Wednesday , February 19 2020
Home / Adam Smith Institute / Piketty’s latest bright idea – let’s be like the Ottoman Empire

Piketty’s latest bright idea – let’s be like the Ottoman Empire

Summary:
Thomas Piketty is back with his latest idea, that we should have a near total inheritance tax:“What I’m proposing is not radical at all,” says rock star economist Thomas Piketty, who’s back on our bookshelves again six years after his first economic opus became a surprise best-seller. Come again? The policy ideas unveiled in Capital and Ideology, the follow-up to his 2014 Capital in the 21st Century, are so extreme the most avowed Corbynite might whistle through his teeth and murmur about going a bit far.His new work – released last year in French but launched in English shortly – sets out his stall for “participatory socialism”, but involves in practice wealth and inheritance taxes of up to 90pc.That would help pay for an endowment for every 25-year-old of €120,000 (£101,000), a “public

Topics:
Tim Worstall considers the following as important:

This could be interesting, too:

Tyler Durden writes Would We Still Have Power & Water If We Had A Massive Coronavirus Quarantine In The US?

Tyler Durden writes Pier 1 Files For Bankruptcy After Last-Ditch Effort To Cut Costs Fails

Tyler Durden writes US Operational Weather Prediction Is Crippled By Inadequate Computer Resources

Tyler Durden writes China’s Latest Data Fabrication: Home Prices “Increased” Even As Largest Home Developer Offers 25% Discounts

Thomas Piketty is back with his latest idea, that we should have a near total inheritance tax:

“What I’m proposing is not radical at all,” says rock star economist Thomas Piketty, who’s back on our bookshelves again six years after his first economic opus became a surprise best-seller.

Come again? The policy ideas unveiled in Capital and Ideology, the follow-up to his 2014 Capital in the 21st Century, are so extreme the most avowed Corbynite might whistle through his teeth and murmur about going a bit far.

His new work – released last year in French but launched in English shortly – sets out his stall for “participatory socialism”, but involves in practice wealth and inheritance taxes of up to 90pc.

That would help pay for an endowment for every 25-year-old of €120,000 (£101,000), a “public inheritance for all” for each to begin their personal and professional life.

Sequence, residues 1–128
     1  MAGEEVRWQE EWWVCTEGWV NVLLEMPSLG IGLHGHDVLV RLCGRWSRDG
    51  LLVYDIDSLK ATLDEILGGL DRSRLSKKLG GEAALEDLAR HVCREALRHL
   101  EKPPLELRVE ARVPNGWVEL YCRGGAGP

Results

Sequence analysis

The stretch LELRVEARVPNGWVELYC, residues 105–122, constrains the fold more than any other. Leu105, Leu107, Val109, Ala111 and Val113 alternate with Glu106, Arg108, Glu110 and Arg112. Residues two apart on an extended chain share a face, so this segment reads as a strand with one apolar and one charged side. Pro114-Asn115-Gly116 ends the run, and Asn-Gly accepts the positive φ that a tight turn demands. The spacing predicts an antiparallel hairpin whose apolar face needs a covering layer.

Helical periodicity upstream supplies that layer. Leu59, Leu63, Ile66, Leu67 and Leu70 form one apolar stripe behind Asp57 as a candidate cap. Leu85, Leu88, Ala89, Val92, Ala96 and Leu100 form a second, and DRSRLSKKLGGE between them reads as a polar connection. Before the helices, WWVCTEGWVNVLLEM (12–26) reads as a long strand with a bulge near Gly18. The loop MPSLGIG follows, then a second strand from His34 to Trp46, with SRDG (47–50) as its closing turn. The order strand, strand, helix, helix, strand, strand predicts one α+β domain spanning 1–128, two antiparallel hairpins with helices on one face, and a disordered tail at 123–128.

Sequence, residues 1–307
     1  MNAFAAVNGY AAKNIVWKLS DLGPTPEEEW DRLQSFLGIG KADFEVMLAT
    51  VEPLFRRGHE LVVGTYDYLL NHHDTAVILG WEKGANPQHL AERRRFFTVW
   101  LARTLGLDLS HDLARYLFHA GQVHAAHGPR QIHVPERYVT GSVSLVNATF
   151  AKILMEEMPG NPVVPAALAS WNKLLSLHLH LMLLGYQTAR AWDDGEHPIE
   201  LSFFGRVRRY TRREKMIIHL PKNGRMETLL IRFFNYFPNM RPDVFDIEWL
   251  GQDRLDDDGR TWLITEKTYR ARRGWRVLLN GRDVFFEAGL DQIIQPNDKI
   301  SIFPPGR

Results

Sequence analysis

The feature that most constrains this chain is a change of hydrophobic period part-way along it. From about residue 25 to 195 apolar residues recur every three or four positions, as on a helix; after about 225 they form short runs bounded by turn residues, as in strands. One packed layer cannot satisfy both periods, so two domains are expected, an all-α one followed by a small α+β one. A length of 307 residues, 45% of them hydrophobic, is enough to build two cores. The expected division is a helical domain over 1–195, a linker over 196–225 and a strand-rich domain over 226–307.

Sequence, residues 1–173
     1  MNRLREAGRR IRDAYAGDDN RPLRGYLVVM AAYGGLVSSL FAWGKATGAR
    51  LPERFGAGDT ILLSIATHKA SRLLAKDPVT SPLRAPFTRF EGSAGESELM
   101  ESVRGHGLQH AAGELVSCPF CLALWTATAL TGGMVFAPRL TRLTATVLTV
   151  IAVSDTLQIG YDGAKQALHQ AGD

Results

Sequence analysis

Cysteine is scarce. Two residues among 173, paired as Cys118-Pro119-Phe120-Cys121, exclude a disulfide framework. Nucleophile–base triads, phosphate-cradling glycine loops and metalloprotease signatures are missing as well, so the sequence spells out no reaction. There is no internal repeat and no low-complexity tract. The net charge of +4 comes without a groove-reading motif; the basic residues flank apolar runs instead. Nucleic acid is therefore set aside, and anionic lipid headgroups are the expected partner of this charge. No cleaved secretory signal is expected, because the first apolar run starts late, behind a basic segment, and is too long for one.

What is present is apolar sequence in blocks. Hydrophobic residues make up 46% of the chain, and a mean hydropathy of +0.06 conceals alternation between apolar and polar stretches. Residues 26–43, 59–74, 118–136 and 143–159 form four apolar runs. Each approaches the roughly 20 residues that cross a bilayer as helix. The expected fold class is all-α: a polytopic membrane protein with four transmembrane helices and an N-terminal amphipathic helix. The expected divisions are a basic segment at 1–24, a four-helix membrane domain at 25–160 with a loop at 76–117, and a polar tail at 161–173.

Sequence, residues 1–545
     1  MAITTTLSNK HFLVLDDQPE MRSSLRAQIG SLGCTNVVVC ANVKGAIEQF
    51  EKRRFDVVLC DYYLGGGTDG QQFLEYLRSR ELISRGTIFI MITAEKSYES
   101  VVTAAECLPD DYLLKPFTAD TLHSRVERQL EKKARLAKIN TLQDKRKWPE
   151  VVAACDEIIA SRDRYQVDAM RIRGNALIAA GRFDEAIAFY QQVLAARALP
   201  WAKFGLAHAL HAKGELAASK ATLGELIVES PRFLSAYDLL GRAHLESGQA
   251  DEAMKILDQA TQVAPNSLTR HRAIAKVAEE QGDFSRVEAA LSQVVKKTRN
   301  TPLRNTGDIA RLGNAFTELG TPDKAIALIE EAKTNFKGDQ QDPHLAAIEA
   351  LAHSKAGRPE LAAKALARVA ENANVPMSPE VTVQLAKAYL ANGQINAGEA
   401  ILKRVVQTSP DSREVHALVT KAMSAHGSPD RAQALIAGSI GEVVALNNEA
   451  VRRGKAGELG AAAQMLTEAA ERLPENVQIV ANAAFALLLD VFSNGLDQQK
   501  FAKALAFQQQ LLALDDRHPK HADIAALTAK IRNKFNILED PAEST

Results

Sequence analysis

There’s ever such a slight problem with such an idea. We’re had societies that do this. Have no transmission of accumulated wealth through the generations of a family. Where what wealth there is is allocated by the mechanisms of the State.

They’re societies in which long term investments in productive projects simply don’t happen.

As Alex Tabarrok is alluding to here, in India.

Under the Mansabdari system which governed the nobility, the Mughal Emperor didn’t give perpetual grants of land. On death, all land that had been granted to the noble reverted back to the Emperor, effectively a 100% estate tax. In other words, land titling for the Mughal nobility was not hereditary. Since land could not be handed down to the next generation, there was very little incentive for the Mughal nobility to build palaces or the kind of ancestral homes that are common in Europe. The one exception to the rule, however, was for tombs. Tombs would not revert back to the Emperor. Hence the many Mughal tombs

In the Ottoman system it was the Sultan who owned the freehold to all, Pashas merely having lifetime access to an asset.

Now, perhaps it’s true that people shouldn’t prefer passing on wealth to their own children rather than to the society more generally. But those experiments in societal organisation across history tell us that they do. Do to such an extent that they will curtail current consumption in order to invest for the long term where their children benefit and won’t when it’s society.

We do need to be organising matters to deal with the raw clay we have available - us humans - rather than whatever it is people might hope is true of those who don’t exist.

At least Piketty is right about one thing, his proposal isn’t radical at all. Returning to the inheritance - and thus investment - patterns of Istanbul circa 1750 AD really doesn’t sound anything other than distinctly conservative, reactionary even.

Media enquiries: 07584 778207 (Call only, 24 hour)

Tim Worstall
Tim Worstall is a British-born writer and Senior Fellow of the Adam Smith Institute. Worstall is a regular contributor to Forbes and the Register. He has also written for the Guardian, the New York Times, PandoDaily, the Daily Telegraph blogs, the Times, and The Wall Street Journal. In 2010 his blog was listed as one of the top 100 UK political blogs by Total Politics.

Leave a Reply

Your email address will not be published. Required fields are marked *